Tuesday, February 28, 2012

Gee, I love my job

Today's IPM Coordinator training class at
Plano Independent School District.
As I write, I'm sitting in a mostly dark room listening to my Texas AgriLife colleagues Don Renchie and Janet Hurley walk a group of almost 40 school IPM Coordinators through a long list of rules and regulations about how pesticides must be used in Texas public schools.  In between jokes, back-and-forth banter, and scribbling pens, learning is taking place and it's a beautiful thing. 

Given a choice, I suspect most of us would probably not choose to spend our day watching a PowerPoint slide show and listening to speakers for hours. But there is little boring about this session between a group of eager learners and an entertaining speaker (and if you know Dr. Don Renchie, you know what I mean).  I know the efforts made by Janet Hurley to keep this training interesting, relevant, and interactive.  A wireless audience response system gets students interacting with us trainers, and shows both the class and the trainers how well the message is being conveyed.  Refreshments are handy and (at least today) the chairs are comfortable. Life is good.

I've found few things more satisfying that imparting knowledge to a motivated group of adult learners.  Some of my personal best friends are teachers and find great fulfillment in teaching children important life skills. Personally, give me a group of adults.  Sure kids are cute, and their innocence and naivete is engaging; but adults need education just as much as the kids. Adults are easily bored, often critical, sometimes prejudiced and usually forgetful; but nothing in my book is better than giving adult learners skills that they need to excel in their jobs and/or life. The rewards outweigh the pains.

School IPM coordinators, and the PMPs who work for them, are given the weighty responsibility of keeping  school districts pest-free while balancing pesticide risks.  This isn't easy.  Coordinators have to first master a dozen or so pages of laws and regulations; they have to learn tongue-twisting pesticide names and their properties; they have to organize reams of records; they have to fight for scarce  budget dollars; they have to counsel frustrated principals, teachers and sometimes parents; and they have to be ready for unannounced visits from state inspectors.  Few of them asked for their jobs as IPM coordinator, rather they were assigned the position usually on top of several other jobs.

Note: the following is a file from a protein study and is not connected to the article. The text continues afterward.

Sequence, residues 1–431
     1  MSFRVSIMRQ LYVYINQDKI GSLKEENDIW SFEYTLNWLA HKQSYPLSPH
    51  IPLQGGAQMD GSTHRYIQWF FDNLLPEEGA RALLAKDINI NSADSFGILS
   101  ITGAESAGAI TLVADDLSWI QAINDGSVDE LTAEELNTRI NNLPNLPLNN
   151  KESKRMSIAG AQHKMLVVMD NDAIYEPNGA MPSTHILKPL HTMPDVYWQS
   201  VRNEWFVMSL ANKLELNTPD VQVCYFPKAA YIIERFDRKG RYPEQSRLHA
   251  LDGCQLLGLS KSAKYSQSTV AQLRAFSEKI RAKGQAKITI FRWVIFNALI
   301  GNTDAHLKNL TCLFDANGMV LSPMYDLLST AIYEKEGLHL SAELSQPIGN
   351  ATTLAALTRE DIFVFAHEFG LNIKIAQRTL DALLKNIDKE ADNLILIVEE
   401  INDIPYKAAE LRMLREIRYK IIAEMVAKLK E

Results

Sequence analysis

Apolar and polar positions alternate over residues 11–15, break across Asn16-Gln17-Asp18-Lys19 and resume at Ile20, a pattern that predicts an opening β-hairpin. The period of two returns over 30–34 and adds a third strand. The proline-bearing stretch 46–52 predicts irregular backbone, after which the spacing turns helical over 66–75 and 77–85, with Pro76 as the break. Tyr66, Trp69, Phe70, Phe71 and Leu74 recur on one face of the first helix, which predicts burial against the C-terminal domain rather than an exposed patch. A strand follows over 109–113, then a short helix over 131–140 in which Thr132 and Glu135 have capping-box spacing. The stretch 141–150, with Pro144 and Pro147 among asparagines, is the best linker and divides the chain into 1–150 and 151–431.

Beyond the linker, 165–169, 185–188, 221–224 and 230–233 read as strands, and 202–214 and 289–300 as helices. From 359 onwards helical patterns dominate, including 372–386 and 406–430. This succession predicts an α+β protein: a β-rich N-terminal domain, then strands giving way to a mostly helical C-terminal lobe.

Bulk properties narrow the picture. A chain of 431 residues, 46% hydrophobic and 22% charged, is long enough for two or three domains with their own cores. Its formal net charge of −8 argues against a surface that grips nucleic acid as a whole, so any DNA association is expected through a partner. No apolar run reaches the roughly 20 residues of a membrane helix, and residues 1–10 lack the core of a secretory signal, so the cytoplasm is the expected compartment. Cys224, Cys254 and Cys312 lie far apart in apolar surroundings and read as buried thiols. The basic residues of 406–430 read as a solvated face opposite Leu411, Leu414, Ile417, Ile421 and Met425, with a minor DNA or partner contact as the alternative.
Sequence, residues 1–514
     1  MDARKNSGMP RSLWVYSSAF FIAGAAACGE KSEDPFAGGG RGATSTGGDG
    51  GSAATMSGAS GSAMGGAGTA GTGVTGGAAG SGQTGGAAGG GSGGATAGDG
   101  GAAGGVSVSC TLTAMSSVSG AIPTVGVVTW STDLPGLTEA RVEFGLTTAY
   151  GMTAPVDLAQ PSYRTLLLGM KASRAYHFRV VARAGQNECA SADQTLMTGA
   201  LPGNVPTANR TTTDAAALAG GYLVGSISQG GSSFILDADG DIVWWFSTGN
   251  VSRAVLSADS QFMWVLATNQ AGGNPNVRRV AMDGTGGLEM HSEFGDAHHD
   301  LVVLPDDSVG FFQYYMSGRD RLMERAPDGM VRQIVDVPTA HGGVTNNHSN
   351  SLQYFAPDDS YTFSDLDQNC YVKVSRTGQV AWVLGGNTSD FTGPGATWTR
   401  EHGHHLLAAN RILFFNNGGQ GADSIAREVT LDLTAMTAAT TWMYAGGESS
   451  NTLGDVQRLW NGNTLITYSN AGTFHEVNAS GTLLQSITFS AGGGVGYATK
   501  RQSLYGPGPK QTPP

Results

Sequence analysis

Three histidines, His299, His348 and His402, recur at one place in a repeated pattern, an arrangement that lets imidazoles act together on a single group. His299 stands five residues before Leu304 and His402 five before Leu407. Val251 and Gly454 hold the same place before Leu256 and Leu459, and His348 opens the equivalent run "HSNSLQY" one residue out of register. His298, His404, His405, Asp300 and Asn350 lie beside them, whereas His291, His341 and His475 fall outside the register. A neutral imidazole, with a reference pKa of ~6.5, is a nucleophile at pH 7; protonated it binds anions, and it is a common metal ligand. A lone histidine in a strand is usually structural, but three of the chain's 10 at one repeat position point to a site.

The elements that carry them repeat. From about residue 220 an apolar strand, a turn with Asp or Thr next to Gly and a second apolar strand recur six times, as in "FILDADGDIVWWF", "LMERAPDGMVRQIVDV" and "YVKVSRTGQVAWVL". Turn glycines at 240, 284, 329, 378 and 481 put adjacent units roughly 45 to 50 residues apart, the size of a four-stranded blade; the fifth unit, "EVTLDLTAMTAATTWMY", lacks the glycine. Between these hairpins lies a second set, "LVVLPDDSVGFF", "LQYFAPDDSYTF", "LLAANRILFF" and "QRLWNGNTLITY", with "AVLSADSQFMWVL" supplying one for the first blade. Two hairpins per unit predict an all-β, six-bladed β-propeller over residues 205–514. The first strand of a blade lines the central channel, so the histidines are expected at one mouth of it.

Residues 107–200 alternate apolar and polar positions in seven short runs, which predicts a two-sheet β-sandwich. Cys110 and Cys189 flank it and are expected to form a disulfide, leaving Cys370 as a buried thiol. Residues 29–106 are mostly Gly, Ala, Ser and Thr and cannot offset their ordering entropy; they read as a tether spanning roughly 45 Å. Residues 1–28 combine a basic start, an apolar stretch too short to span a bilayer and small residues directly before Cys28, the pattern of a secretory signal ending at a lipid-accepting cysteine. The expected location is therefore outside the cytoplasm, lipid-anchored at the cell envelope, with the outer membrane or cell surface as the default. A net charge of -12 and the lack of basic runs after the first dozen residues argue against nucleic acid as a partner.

Watching and listening to classes like this respond to speakers and ask intelligent and probing questions is highly satisfying.  Over the years I watched some of our IPM class and PMP alumni work their way up through the food chain in their school districts and pest control companies.  I've seen people who were initially reluctant to be assigned the job of "bug killer" only to embrace the position and take great satisfaction in their new job. I like to think that I and my colleagues have played a part in the pride and high performance of more than a few of these men and women.  And that's why I love my job.

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